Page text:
The Truth Is a Cave in the Black Mountains: A Tale of Travel and Darkness with Pictures of All Kinds, written by Neil Gaiman with illustrations by Eddie Campbell, is a lovely edition of the story first published in the Stories anthology. As such, I read it before.
Two men, one small and one large, walk through Scotland towards the Black Mountains on the Misty Isle (which is also called the Winged Isle), to find a cave. A cave where gold is to be found, or so men say. They find the cave. And, perhaps, also truth.
Neil Gaiman — The Truth Is a Cave in the Black Mountains (illustrated by Eddie Campbell)
Unlike that feeling you only can say what it is in French, there are things there aren’t any words for yet. John Lloyd and Douglas Adams’ The Deeper Meaning of Liff (the 1990 revised and expanded version of 1983’s The Meaning of Liff) matches some of those common experiences, feelings, situations and objects to some of the thousands of spare words that spend their time doing nothing but loafing about on signposts pointing at places.
Ever had to take a decision that’s very hard to take because so little depends on it (like which way to walk around a park)? There’s a word for that: deventer. That irritating man next to you at a concert, who thinks he’s the conductor? He’s a thrumster. A badly suppressed yawn? That’s a wawne. To indignantly deny something which is palpably true? To hoff. You get the point.
Douglas Adams & John Lloyd — The Deeper Meaning of Liff (A Dictionary of Things That There Aren’t Any Words for Yet)
Aalst (v.): One who changes his name to be nearer to the front.
Stephen King is a jerk. First, he gets you to care about a bunch of people waiting in line for a job fair, and then he goes and kills ‘em all by having a big gray Mercedes plow through them. The story resumes with the now-retired lead-police detective of the case receiving a letter from the Mercedes’ driver. This letter intended to nudge the Ret. Det. over the edge of his suicidal thoughts backfires: it pulls him from the black hole of retirement blues, and gives him purpose once again. From there on, we have a fast-paced page turner in our hands, with all the twists and turns you can expect from King.
Mr. Mercedes isn’t King’s best novel. Not by a long shot. But it’s fun. There are allusions to It ( You ever see that TV movie about the clown in the sewer?), Christine (By the time Hodges and Huntley arrived, five police cars were parked in the yard, two drawn up nose-to-nose behind the car’s back bumper, as if the cops expected the big gray sedan to start up by itself, like that old Plymouth in the horror movie, and make a run for it.) and Joe Hill’s Heart-Shaped Box (a roadie wearing a Judas Coyne shirt), and occasional awesome lines like Jerome is good with computers, but Holly plays the keyboard like a Steinway. There’s enough to like, so I can easily overlook his sometimes clunky use of internet technology. I’ll just assume the story’s set in an alternate universe where people who use a quarter of their Mac’s powers install and use Firefox.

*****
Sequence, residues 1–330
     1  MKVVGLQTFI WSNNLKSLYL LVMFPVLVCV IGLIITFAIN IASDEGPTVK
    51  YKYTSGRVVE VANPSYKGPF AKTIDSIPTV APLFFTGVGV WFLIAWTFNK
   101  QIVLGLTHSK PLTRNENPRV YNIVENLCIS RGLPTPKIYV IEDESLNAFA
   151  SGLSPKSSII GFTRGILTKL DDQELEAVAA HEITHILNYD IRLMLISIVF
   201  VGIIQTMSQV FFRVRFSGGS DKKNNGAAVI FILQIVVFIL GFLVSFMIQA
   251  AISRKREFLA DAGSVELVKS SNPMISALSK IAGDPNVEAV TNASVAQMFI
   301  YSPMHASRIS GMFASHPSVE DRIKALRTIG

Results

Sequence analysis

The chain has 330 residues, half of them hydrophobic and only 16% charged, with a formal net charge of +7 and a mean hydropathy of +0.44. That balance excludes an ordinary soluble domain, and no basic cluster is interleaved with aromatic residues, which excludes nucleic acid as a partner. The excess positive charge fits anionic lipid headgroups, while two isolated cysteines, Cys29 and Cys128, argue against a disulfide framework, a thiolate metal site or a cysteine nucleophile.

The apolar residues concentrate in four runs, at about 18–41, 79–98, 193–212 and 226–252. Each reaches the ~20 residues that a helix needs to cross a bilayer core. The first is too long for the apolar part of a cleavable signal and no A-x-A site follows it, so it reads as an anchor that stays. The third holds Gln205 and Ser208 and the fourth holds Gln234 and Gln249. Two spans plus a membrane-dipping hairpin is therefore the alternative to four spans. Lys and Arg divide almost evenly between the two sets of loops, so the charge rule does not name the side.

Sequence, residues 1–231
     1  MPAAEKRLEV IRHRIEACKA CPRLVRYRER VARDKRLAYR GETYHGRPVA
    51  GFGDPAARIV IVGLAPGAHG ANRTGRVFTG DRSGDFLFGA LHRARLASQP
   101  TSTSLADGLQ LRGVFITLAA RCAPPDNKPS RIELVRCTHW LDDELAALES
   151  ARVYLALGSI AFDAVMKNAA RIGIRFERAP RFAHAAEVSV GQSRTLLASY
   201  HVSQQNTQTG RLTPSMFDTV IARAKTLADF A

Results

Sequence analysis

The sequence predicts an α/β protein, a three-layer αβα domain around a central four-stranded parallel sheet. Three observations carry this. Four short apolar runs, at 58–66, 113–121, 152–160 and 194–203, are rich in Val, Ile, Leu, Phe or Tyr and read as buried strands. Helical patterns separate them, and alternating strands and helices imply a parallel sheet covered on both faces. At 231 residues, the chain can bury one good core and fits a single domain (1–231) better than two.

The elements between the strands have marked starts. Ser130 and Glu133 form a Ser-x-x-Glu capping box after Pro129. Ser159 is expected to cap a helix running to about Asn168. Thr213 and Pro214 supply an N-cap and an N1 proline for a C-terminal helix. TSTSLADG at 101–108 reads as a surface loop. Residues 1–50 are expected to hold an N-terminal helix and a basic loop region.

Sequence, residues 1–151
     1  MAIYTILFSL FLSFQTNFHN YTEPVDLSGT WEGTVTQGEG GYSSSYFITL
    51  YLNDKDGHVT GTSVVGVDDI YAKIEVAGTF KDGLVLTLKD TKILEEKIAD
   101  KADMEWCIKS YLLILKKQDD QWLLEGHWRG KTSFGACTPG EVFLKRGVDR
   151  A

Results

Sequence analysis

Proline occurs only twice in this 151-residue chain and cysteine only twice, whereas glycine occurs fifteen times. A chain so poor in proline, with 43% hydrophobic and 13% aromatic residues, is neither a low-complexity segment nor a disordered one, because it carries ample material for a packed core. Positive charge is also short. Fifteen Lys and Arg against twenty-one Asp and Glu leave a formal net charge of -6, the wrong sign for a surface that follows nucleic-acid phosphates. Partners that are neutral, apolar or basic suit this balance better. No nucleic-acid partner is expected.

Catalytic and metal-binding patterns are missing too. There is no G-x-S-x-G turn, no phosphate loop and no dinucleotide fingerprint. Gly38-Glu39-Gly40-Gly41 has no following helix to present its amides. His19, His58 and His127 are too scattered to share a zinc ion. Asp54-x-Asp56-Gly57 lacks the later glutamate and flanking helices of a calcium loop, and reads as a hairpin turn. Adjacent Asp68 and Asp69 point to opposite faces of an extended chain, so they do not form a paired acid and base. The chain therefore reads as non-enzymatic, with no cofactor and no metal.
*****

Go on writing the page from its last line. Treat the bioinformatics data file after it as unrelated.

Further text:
Stephen King — Mr. Mercedes
Augie Odenkirk had a 1997 Datsun that still ran well in spite of high mileage, but gas was expensive, especially for a man with no job, and City Center was on the far side of town, so he decided to take the last bus of the night.
While I’m two seasons behind on my Game of Thrones-watching, I get the point. While Bradley P. Beaulieu’s The Staits of Galahesh and The Flames of Shadam Khoreh/cite>, the second and concluding volumes of The Lays of Anuskaya trilogy, doesn’t (brutally) kill off main characters at quite the same rate, the supporting cast isn’t quite that lucky.
They fall to bloody pulps from their airships. Their airships get blown up. They get ritually disemboweled and sacrificed in a pagan ceremony trying to unravel the threads of the things yet to be. They get decapitated. Executed. Their hearts get eaten. They willingly sacrifice themselves to save the world. Or they just end up as another casualty of war.
And then there’s the intrigue, plotting, planning, scheming, betrayal, and double crossing. Plus the elemental magic and general mysticism.
My main observation after reading the first volume was that its plot was too convoluted. I can’t quite say that that has changed. The plot of the final books are just as dense. But it seemed to me that the cast got slimmed down, which made these two volumes a lot easier to digest. A fine wrapping up of the series. I’ll probably dive into something else before delving into Beaulieu’s short story collection.
Bradley P. Beaulieu — The Straits of Galahesh (Book Two of the The Lays of Anuskaya)
In the southern gallery of the capital’s sprawling kasir, Hakan ül Ayeçe, the Kamarisi of Yrstanla, stood at a marble balcony.
Bradley P. Beaulieu — The Flames of Shadam Khoreh (The Concluding Volume of the The Lays of Anuskaya)
At first light, deep within the massive Palotza Radiskoye, Styophan Andrashayev sat in a chair near the largest bed he’d ever slept in while his wife busied herself around the room, preparing them both for the coronation.
First, I moved from Leeuwarden, where I’d been living for the past nine months or so, back to Amersfoort, where I’d been living for the thirteen years before that. Don’t worry, my Most Awesome Missus, the Kid and the cats came along as well.
Secondly, I started working on a new project at work, which necessitated my fourth workplace-reshuffling (or so) of the year. It also meant that I had to leave my team behind. To ease some of their pain—as well as to get an idea out of my head that had been percolating there for well over a year—I created a nifty soundboard* so they needn’t miss my presence that much.
It’s on Github and extendable, for which I’m taking requests.
* It works best in a modern browser. It’s known to be buggy in the stock Android browser (the one that says “Internet”). I’m working on that. Eventually.